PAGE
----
NTT basic research laboratories, NII, NICT, and Osaka University firstly have found that it is possible to improve the lifetime of single electron spins in diamond via a coupling with a superconducting flux qubit (Fig. 2). Although the lifetime of the superconducting flux qubit is ten times worse than that of the electron spin, such hybridization can actually enhance the lifetime of the single electron spins by an order of magnitude, which is highly counter-intuitive. This indicates that the accuracy of the sensor using the electron spins will be ten times better than that without the superconducting flux qubit, which will provide us with an ability to take a high-quality image of materials. The traditional way to improve the coherence time of the electron spins in diamond requires an active control of the electron spin where one has to apply microwave pulses to suppress the environmental noise. On the other hand, we show a completely new approach to improve the lifetime in a passive way, where the existence of the superconducting flux qubit alone can suppress the noise of the single electron spins in the diamond.

Details of our theoretical proposal

1. By using a frequency tunable superconducting flux qubit, we tune the energy of the qubit to the energy of the single electron spins in the diamond.

2. By applying a microwave pulse along a specific direction of the diamond, we generate a superposition of the single electron spins.

3. After a certain time, we apply another microwave pulse along the same direction on the diamond and readout the spin state by using optical photons.

4. We simulate the experiment above, and predict that the single electron spins with the superconducting flux qubit in the diamond has a 10 times longer lifetime than the single electron spins without it.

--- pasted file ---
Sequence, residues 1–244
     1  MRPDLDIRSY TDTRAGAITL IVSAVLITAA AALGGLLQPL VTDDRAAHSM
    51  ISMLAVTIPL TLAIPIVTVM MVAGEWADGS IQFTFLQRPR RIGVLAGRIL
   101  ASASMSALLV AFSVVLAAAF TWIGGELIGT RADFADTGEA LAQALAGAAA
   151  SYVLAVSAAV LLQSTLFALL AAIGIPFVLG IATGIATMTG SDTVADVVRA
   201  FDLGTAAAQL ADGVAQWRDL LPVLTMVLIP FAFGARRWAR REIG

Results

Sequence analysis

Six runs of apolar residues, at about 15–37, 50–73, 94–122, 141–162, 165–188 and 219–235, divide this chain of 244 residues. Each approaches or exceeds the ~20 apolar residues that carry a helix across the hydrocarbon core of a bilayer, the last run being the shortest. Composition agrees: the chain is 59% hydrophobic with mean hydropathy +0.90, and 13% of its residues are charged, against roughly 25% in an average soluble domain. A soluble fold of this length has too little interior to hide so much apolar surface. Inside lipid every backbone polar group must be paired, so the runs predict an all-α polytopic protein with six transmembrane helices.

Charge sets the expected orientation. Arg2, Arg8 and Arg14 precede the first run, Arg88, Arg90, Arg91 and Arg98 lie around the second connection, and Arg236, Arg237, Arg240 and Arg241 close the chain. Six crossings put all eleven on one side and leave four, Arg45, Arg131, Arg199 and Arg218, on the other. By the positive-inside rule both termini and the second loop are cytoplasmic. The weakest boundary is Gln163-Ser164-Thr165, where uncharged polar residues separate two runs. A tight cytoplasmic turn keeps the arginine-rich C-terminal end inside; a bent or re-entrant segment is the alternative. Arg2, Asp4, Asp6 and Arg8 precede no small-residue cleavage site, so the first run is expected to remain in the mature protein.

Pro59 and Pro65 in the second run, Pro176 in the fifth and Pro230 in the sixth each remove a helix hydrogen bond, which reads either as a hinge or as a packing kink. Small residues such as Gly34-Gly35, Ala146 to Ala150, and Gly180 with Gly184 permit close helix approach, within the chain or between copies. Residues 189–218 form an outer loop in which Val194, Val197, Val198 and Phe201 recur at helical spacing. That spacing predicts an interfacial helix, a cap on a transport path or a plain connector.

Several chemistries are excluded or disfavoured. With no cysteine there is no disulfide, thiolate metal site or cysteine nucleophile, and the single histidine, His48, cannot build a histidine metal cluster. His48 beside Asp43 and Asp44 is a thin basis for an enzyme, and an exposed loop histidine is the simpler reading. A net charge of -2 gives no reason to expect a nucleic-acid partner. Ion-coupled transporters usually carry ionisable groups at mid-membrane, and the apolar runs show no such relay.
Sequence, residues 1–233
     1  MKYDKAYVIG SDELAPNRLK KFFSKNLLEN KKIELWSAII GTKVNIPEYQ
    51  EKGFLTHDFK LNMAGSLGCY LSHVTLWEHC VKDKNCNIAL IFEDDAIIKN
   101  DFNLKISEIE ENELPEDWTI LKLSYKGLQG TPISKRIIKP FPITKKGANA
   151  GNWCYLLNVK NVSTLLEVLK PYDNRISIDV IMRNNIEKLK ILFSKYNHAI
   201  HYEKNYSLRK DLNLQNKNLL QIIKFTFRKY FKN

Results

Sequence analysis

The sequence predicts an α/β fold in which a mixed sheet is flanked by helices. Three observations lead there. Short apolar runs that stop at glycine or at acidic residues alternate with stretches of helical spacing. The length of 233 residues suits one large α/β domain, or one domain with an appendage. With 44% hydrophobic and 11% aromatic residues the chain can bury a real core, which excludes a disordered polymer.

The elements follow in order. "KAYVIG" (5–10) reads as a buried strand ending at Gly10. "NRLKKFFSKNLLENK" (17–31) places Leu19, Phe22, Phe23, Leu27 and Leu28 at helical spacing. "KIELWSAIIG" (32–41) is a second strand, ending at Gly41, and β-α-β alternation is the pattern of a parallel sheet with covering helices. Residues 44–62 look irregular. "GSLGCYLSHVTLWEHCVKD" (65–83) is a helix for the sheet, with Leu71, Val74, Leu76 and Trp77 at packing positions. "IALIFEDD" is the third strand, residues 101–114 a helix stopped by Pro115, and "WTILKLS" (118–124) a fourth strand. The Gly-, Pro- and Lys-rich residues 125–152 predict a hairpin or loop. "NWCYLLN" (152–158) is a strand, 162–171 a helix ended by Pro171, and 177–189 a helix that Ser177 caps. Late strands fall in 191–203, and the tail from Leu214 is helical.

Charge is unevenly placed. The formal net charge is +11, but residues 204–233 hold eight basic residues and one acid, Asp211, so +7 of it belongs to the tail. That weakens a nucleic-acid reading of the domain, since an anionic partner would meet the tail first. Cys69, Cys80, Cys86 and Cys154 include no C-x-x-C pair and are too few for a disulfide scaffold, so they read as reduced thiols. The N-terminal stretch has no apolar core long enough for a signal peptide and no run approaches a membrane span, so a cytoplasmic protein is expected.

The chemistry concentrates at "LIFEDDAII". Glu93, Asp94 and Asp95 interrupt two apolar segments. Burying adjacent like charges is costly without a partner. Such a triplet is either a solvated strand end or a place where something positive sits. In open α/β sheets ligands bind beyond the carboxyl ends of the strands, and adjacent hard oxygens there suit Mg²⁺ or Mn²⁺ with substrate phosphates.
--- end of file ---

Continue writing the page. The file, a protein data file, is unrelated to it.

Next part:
3.Our advances in technology

The full analysis of the superconductor diamond hybrid system is very difficult, especially if we wish to consider the effect of noise. To overcome this problem, we developed a new theoretical model to analyze this system by using an appropriate approximation, and succeeded to simulate this system efficiently. Using our new theoretical prediction of this system, we found an improvement in the lifetime of the electron spin in diamond via the hybridization within this model.

(1) Mechanism to improve the lifetime of the electron spin in diamond via a coupling with the superconducting flux qubit (Fig. 3)

A defect that consists of a Nitrogen atom and a vacancy in diamond lattice is called a Nitrogen-Vacancy (NV) center, which has single electron spins (Fig. 1). The NV center has two excited states in a ground-state manifold. It is known that, since these two excited states have almost the same energy, even a small perturbation from the environment can induce an unwanted transition between these two states, which decreases the lifetime of the NV center (Fig. 3).

We have theoretically shown that a coupling with the superconducting flux qubit can energetically separate these two excited states in the NV center. One of the exited states in the NV center can be directly coupled with the superconducting flux qubit so that a finite energy shift occurs, while the other excited states cannot be affected by the superconducting qubit. This mechanism provides a protection of this system from low-energy noise induced by the environment, leading to an improvement in the lifetime of the NV center.

(2) Numerical simulation to estimate the lifetime of the NV center (Fig.4).

We show that the coupling with the superconducting flux qubit can make the NV center robust against noise due to the energy separation between the excited states of the NV centers. We perform a numerical simulation of the dynamics of the NV center coupled with the superconducting flux qubit, and predict that the lifetime of the NV center, which is 100 micro seconds without the superconducting flux qubit, becomes 950 micro seconds after the hybridization with the superconducting flux qubit (Fig. 4). This means that the accuracy of the NV center sensor becomes 10 times better than the sensor using the NV center alone.